Monday, November 4, 2013

Baron Raoul de Beaudean

By Julie Rahm

My column last week has generated some discussion about the Andrea Doria. So, as requested by many in our nautical community, here is the first half of the rest of the story.

The Italian ship Andrea Doria was a luxury liner. On 25 July 1956, while approaching the coast of Massachusetts, the eastbound freighter Stockholm collided with the Andrea Doria. Struck in the side, the top-heavy Andrea Doria immediately started to list to starboard, which left half of its lifeboats unusable. The shortage of lifeboats might have resulted in significant loss of life, but the efficiency of the ship's technical design allowed it to stay afloat for over 11 hours after the ramming. The professionalism of the crew, improvements in communications and the rapid response of other ships averted a Titanic-like disaster. 1,660 passengers and crew were rescued and survived. The evacuated luxury liner capsized and sank the following morning. This accident remains the worst maritime disaster in United States waters. So, here’s the short list of what went wrong.

The Andrea Doria crew had not followed proper radar procedures by using the plotting equipment available to calculate the position and speed of the Stockholm. The Andrea Doria crew failed to realize Stockholm's size, speed, and course.

The Andrea Doria crew did not follow the rules and turn right (to starboard) in case of a possible head-on crossing at sea. As Stockholm turned right, Andrea Doria turned left (to port), closing the circle instead of opening it. Beyond a certain point, it became impossible to avoid a collision. The Andrea Doria was speeding in heavy fog, an admittedly common practice on passenger liners.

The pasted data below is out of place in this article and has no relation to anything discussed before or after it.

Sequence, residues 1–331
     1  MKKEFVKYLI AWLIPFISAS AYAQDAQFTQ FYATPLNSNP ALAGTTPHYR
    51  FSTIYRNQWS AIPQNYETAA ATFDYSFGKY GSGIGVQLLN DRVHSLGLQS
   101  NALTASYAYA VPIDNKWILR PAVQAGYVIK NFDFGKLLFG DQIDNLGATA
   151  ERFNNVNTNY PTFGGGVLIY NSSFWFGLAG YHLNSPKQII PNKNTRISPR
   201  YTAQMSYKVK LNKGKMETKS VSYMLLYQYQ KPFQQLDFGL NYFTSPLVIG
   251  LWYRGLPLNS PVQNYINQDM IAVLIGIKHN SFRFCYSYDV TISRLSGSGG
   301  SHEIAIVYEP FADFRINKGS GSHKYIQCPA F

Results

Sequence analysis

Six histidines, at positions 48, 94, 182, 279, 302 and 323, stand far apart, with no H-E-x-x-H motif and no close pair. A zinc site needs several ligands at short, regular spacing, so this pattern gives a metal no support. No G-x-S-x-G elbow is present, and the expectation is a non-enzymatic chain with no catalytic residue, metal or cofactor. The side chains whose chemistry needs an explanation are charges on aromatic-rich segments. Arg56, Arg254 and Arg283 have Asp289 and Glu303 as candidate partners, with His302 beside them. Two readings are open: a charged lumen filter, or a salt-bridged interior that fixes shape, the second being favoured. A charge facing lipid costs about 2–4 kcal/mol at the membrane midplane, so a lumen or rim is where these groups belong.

The Stockholm and Andrea Doria were experiencing different weather conditions immediately prior to the collision. Although the Andrea Doria had been engulfed in the fog for several hours, Stockholm had only recently entered the bank and her crew was still acclimating to atmospheric conditions. The officer in charge of Stockholm incorrectly assumed that his inability to see the other vessel was due to conditions other than fog, such as the other ship being a very small fishing vessel or a blacked-out warship on maneuvers. He testified that he had no idea it was another passenger liner speeding through fog.

The Andrea Doria's fuel tanks were half empty and not pumped with seawater ballast in order to stabilize the ship, in accordance with the Italian Line's procedures. This contributed to the pronounced list following the collision. There was also perhaps a "missing" watertight door between bulkheads near the engine room, which was thought to have contributed to Andrea Doria's flooding.

The Stockholm's navigating officer misread his radar thinking he was on a 15-mile setting when in reality the radar was set for five miles. He thought he was farther from the Andrea Doria than was so. He also failed to consult his captain as was required by regulation… Unfortunately, I have reached 500 words. Read about the actions of Baron Raoul de Beaudean next week!

1 comment:

DomSavio said...

The Stockholm and Doria were equally to blame. Stockholm was going the wrong way in a one-lane shipping lane, and the Doria ought to have reduced speed. Its port-turn maneuver was correct, since it perceived the Stockholm all along to be to its starboard, and regulations require that once two ships are in that approach, they ought not to cross their paths. Had he turned the other way, the Stockholm would have been cut in two. The captain never made any significant announcements to the passengers about the useless portside lifeboats, the approach of rescue vessels, or order how to properly abandon ship. And many non-seamen crew members of the Doria were utter cowards. I sailed on this ship the year before it foundered, and am half-Italian, but I cannot escape facts.

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